It must appeal to me personally.

Does inspiration for you reveal itself in a kind of clear and complete vision so that you just have to capture the fantasy in a way that’s authentic to your creativity?

No. It takes time and hard work.

Do you sometimes revisit old(er) ideas (especially in tough times of need)?


How long do you ponder an idea before creatively working on it?

That’s variable. Could be days, months or years.

Do you check what colleagues/competitors are up to/your role models contrive(d)?



Which time/place/environment suits your creative work process the best?

Mornings, my office.

Which path do you take from theory/idea to creation i.e. how do you start?

I make lots of notes of all relevant thoughts as they occur.

What does your average creative day look like (early bird or night worker)?

Work in the morning. Take the afternoon off. Revise the day’s work early evening.

How important are self-doubt and criticism (by others) during such a process?


Is it better to be creative on your own, only trust your own instincts, or in a team?

That depends on the project.

Does age/life experience help with creativity or is a younger mind more creative, ‘cos it’s fresh and untouched by experience? What about social/cultural heritage?

Experience may help. Youth has more energy. My social and life experience obviously affects what interests me, and therefore affects what I write.

What is your personal approach/motivation/concern regarding creative activity?

To make people laugh – and think.

If you’d make a pie-chart: what is your satisfaction based upon - a) self-realisation/ personal compliance, b) artistic recognition or c) commercial success & fame?

Mostly b. C doesn’t hurt.

How does a creative find his/her own style/possibly unique way of expression?


Is craftmanship important or should creatives be able to work 100% unloaded?

Craftsmanship is essential.

Can routine, experience and professionalism make up for lack of creativity?


If problems occur during the creativity or one’s stuck, how can that be solved?

Waiting for a new, helpful thought.

Are a never give up attitude and persistently hanging on necessities for creatives?


Which is better in the development process: speed and – if that’s possible - force creativity i.e. grasp the magic of the moment, or a slow, ripening process when it comes to implementation and elaboration?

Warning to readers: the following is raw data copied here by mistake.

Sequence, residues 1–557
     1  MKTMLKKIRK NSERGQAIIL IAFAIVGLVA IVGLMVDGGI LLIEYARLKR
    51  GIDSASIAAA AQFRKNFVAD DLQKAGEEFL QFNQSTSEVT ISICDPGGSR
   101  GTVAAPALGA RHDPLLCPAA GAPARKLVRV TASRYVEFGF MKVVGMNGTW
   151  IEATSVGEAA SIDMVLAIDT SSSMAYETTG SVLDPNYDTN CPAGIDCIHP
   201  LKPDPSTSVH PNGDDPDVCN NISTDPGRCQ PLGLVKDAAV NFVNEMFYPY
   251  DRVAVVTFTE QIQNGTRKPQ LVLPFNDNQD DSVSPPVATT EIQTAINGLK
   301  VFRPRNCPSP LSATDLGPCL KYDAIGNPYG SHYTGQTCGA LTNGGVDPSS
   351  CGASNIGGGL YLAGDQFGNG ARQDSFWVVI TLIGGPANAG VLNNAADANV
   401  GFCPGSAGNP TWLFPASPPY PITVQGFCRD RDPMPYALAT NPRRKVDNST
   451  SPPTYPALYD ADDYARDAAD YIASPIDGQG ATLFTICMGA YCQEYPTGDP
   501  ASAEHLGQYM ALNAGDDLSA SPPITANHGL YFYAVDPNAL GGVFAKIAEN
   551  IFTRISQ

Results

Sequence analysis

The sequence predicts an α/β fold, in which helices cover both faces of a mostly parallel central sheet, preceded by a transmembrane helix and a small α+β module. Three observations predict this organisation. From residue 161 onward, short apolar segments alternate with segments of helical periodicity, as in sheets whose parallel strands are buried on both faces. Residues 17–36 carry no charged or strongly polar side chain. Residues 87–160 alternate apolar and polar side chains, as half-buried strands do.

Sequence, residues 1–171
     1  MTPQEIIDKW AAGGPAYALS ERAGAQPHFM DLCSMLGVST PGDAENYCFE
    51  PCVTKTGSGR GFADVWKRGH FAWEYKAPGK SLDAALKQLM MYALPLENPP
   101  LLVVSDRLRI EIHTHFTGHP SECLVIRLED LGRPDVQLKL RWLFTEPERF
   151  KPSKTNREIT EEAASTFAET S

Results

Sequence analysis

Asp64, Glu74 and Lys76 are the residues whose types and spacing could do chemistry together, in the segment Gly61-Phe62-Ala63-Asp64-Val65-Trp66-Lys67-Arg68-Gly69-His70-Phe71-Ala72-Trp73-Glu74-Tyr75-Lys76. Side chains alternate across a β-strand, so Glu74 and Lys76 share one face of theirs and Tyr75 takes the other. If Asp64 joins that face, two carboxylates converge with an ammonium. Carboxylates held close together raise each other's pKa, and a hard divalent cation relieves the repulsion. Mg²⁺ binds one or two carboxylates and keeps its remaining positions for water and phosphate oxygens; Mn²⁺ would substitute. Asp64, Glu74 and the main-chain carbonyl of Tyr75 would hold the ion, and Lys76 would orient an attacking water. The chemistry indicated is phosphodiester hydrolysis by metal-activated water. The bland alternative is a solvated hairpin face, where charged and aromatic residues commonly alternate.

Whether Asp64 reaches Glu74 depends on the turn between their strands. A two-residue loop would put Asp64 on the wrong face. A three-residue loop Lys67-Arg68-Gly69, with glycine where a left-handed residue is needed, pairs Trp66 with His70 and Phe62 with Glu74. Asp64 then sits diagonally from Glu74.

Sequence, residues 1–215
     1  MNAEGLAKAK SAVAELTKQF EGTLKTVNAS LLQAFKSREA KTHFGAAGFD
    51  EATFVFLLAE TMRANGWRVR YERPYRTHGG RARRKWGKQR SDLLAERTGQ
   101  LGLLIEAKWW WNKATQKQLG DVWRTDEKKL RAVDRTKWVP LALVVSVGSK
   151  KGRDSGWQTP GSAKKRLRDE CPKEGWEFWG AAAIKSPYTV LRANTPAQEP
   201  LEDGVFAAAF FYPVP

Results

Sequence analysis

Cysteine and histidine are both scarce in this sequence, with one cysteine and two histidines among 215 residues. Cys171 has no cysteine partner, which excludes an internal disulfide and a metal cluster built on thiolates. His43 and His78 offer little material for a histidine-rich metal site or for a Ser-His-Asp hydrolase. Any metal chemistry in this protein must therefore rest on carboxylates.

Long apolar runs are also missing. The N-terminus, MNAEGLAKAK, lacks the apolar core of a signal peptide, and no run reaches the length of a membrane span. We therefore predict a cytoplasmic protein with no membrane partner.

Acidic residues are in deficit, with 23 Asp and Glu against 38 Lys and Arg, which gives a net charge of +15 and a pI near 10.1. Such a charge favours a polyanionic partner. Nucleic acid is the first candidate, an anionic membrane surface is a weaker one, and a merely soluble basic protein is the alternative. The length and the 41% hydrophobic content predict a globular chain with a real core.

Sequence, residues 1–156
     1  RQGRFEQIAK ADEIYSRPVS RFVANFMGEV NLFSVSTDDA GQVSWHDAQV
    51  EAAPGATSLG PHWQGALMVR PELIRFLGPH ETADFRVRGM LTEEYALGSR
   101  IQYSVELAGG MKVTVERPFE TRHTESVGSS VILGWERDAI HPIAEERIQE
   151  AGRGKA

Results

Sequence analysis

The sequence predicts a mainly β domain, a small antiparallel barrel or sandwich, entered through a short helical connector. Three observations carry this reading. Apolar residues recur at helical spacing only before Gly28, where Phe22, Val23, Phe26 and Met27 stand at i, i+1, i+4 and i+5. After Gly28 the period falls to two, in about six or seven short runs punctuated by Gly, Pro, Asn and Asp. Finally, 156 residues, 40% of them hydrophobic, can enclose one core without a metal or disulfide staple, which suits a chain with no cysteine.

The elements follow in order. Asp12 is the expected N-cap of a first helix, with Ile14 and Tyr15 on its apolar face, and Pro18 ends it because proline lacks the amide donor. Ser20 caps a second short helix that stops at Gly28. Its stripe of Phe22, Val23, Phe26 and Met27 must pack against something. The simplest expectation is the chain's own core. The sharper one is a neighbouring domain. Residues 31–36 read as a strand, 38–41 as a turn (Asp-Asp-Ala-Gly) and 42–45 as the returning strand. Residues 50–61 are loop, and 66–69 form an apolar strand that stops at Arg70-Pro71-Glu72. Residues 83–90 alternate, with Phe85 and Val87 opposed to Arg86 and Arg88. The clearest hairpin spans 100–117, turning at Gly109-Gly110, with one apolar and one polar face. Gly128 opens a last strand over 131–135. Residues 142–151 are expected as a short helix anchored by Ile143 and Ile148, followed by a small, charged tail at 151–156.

It depends on the project.

„Creativity is the ability to reorganise known factors so that they become novel and fresh.“ Do you agree with British rock-manager Tony Stratton-Smith?

Yes. Art makes people look at things in a new way.

Should a creative always remain true to him-/herself including taking risks & going against the flow or must one, for reasons of (commercial) survival, make concessions to the demands of the market, the wishes of clients and the audience’s expectations?v

Remaining true to oneself is clearly preferable, but it depends how much they need the money.

How is innovation still possible if one has established a distinctive style?

Style and form should relate to content.

Is it good to be ahead of one’s time even one hazards not being understood at all?

Yes and no.

When does the time come to end the creative process, to be content and set the final result free - or is it work-in-progress with an endless possibility of improvement?

There is always a possibility of improvement.

In case of failure or - worse - a creativity crisis how do you get out of such a hole?

Have other work in progress.

Did you ever deliver something that you considered mediocre, but was successful?



Why are some people successful and others not - despite the same talents?

Bad luck? Difficult to work with?

Should/can one resist the temptation to recycle a ‘formula’ one’s successful with?

I think so.

Is it desirable to create the ultimate/timeless work, but doesn’t “top of the ladder” bring up the question of “what’s next?” i.e. isn’t such a personal peak “the end”?

Yes. Yes. And no.


There is no single creation that I’m most proud of.